Community College Reserve Grant: If you receive a Cal Grant A or B, but attend a California Community College first, your award will be reserved for up to three years until you transfer to a four-year college, if you continue to qualify. If you list a California Community College before a four-year California college on your FAFSA, it will be assumed the community college is your first choice. When you transfer, be sure to let your school know you have a reserve grant, as well as the California Student Aid Commission (CSAC).

Cal Grant C provides money for books, tools and equipment for a technical or career education for up to two years. If you plan to attend a school other than a California Community College, you may also receive a grant to help pay for part of your tuition (your fees will be waived if you attend a California Community College). If you qualify, you’ll receive a Cal Grant C Supplement form. Supplements are scored with an emphasis on educational background, vocational or occupational experience, aptitude and the endorsement from a professional. Even though there’s no GPA required, you’re still encouraged to submit your verified Cal Grant GPA because your GPA can earn you additional points. A counselor’s review of your completed Supplement is recommended.

Cal Grant Transfer Entitlement Awards: If you plan to attend a California Community College after graduating from high school and before heading to a qualifying four-year college, and you didn’t receive a Cal Grant within a year of high school graduation, this Cal Grant is for you. You’re guaranteed to receive a Cal Grant Transfer Entitlement award if you meet all the requirements (including financial need), have at least a 2.4 community college GPA and meet the admissions requirements for a four-year college. You must also have graduated from a California high school after June 30, 2000, and have been a California resident at the time. To apply, you must submit your FAFSA and verified Cal Grant GPA from your community college between January 1 and March 2 of the year you plan to transfer. If you’ll be taking advantage of this award, be sure to keep in contact with your community college’s transfer center staff or financial aid office.

Chafee Grant for Foster Youth: If you are or were in foster care, up to $5,000 a year may be available for job training or college in addition to any other financial aid you receive. Along with the FAFSA, you must submit the California Chafee Grant Application, which is available online at www.csac.ca.gov (select “Commission Programs”) or by calling toll free 888.224.7268. You don’t need to have a Social Security number to apply. To learn more, contact your school, caseworker, Independent Living Program coordinator or One-Stop Center.

• There are many other types of financial assistance available from the California State Government such as aid for pursuing a child development permit, Robert C. Byrd Honors Scholarship, Law Enforcement Dependents Grant, GEAR UP Awards, California’s Assumption Program of Loans for Education (APLE), the State Nursing Assumption Program of Loans for Education (SNAPLE), and extended Cal Grant benefits. To learn more, visit: www.csac.ca.gov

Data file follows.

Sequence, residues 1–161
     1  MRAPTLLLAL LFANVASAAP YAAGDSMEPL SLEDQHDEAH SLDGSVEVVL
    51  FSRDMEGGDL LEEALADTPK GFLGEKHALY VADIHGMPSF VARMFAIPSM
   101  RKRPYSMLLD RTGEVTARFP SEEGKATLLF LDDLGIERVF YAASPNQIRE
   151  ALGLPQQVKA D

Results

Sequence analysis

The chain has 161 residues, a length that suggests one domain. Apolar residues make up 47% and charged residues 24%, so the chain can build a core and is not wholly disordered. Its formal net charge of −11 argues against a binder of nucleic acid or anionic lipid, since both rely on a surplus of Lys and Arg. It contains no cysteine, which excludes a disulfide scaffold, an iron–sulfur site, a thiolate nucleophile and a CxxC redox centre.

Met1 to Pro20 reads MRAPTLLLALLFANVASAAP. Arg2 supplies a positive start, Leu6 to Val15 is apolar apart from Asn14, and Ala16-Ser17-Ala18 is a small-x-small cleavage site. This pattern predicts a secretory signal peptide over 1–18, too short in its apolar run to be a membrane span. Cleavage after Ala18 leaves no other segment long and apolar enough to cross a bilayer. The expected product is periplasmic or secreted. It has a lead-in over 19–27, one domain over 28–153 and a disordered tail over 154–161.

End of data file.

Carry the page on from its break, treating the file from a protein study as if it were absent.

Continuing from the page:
In-State Tuition for Undocumented Students (AB 540)
If you’re an undocumented or under-documented immigrant, you may qualify for lower “in-state” tuition rates at University of California, California State University and California Community College campuses and save thousands of dollars. To qualify, you must have completed at least three years of high school in California and graduated from a California high school or received your GED in California. You must also sign an affidavit promising to legalize your residency as soon as you’re eligible to do so. (The affidavit will be kept by the college and remain confidential.) For more information, ask your college’s admissions or registrar’s office about in-state tuition rates for “AB 540” students and potential financial aid opportunities. If you filed an application for permanent residency one year before enrolling in college, you may already be eligible for in-state tuition rates and to receive California state aid. To find out, contact your college’s admissions office. If you have a valid student visa (V or K visa), you may qualify for in-state tuition if you’ve lived in California for more than one year and you meet the requirements for residency. If you’re a citizen of Micronesia or the Marshall Islands, you may qualify for in-state rates if you’ve lived in California for more than one year. If you’re an older student who has completed at least three years of adult school or if you completed your GED through an adult school, you may also qualify for lower fees at a California Community College. You should also look into private scholarships. Start with those listed at www.maldef.org (select “Scholarships, Lista de Becas” on the right).


College/Institution Based Aid

Not all financial aid is provided by the state or federal government. Many colleges have their own grant and scholarship programs, and therefore, separate applications and deadlines. For more information, check with the financial aid office at each college you're considering.

In addition, the following state-funded programs are available at California’s public colleges and universities: